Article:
## The Fork Asymmetry and the Second Law of Thermodynamics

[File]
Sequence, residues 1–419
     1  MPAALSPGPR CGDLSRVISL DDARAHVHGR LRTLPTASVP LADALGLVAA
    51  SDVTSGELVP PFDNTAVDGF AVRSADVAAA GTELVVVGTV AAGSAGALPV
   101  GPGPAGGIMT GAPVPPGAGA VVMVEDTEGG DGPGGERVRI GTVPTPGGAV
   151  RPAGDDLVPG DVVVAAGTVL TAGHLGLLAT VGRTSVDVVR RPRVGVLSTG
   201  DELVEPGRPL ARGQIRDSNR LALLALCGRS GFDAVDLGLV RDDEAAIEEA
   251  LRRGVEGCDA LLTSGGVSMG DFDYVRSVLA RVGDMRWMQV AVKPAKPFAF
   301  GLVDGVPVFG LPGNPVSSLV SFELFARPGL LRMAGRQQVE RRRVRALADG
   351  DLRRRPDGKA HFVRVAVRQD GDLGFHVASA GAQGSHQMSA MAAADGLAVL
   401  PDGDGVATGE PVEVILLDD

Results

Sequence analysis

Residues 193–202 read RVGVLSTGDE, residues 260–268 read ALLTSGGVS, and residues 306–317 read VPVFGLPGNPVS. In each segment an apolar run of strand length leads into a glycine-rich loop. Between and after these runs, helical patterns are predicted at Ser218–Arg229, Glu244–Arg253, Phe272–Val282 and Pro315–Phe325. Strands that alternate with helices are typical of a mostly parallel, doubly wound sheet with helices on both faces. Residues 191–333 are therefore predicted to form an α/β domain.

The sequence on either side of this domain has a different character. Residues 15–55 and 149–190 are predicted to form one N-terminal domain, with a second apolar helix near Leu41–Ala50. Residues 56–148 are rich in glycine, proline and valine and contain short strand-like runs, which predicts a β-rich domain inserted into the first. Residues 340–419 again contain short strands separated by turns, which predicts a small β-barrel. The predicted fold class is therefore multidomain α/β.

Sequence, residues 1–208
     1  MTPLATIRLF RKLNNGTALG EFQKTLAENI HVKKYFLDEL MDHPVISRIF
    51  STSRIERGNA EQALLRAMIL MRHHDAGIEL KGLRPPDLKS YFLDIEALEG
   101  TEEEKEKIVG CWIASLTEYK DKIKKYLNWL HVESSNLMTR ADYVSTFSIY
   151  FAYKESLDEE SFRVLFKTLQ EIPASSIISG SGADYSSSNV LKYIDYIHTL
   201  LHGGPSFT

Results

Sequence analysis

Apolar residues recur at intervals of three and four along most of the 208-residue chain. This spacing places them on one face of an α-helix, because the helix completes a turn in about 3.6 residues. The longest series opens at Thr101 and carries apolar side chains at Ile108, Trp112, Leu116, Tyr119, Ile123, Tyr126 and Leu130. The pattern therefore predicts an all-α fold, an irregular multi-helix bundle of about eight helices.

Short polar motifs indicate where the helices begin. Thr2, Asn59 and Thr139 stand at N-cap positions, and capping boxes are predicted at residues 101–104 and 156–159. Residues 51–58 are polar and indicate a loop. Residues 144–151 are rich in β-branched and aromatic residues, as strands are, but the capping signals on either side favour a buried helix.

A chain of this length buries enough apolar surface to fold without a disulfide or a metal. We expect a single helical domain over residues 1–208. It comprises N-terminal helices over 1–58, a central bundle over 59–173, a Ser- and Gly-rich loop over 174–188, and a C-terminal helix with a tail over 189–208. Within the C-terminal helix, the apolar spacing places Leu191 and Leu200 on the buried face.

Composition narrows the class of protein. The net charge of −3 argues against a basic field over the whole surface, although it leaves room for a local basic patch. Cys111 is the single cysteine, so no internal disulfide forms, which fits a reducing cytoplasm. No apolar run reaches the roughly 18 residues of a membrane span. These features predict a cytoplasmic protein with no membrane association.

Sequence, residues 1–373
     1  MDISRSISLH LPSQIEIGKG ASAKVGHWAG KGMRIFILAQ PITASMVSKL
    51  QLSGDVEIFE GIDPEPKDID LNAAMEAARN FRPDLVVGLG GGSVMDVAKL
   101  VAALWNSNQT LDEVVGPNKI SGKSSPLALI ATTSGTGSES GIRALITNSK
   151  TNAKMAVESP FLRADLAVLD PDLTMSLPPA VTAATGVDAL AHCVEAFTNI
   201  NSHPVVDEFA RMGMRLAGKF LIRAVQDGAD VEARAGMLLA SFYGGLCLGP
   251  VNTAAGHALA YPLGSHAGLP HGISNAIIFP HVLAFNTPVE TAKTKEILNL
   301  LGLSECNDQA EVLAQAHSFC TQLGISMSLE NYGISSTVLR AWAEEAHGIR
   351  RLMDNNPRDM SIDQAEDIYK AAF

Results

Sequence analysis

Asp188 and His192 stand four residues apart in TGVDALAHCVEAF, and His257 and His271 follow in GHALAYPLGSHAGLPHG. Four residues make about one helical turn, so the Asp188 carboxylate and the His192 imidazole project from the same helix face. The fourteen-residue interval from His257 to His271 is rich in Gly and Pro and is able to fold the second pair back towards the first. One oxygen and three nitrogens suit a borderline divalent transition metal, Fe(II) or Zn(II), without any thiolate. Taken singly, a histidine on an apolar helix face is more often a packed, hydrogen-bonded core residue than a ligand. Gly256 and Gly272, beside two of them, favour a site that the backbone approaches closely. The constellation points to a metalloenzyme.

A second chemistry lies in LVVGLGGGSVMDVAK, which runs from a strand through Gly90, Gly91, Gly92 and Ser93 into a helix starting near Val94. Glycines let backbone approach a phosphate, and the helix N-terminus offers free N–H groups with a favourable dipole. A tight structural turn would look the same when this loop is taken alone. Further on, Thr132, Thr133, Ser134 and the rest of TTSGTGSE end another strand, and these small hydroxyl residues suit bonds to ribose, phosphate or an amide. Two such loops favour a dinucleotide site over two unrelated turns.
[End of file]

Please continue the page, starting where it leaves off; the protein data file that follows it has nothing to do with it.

Reichenbach (1956) saw his fork asymmetry as a macro-statistical analog of the second law of thermodynamics. The idea is roughly along the following lines. Suppose we have a system such as a beach that is essentially isolated from the rest of its environment. Suppose moreover that we find this system in a state of low entropy; e.g. there are footprints on the beach. The second law of thermodynamics tells us that the system did not spontaneously evolve into this state; rather, the low entropy state must be the result of an earlier interaction with some other system (a human walking on the beach). This interaction ‘prepares’ the system in a low entropy state, but once the system is isolated, its entropy will increase. Now suppose that we have two events A and B. If we hold fixed the probability of each event individually, a probability distribution over the partition A&B, A&~B, ~A&B, ~A&~B will have more information, in the sense of Shannon (1948), when A and B are correlated. The formal definition of entropy is closely related to that of information, the two being inversely proportional. So when A and B are correlated, we have the analog of a system in a state of low entropy. This state is then to be explained in terms of some earlier event that prepares the system.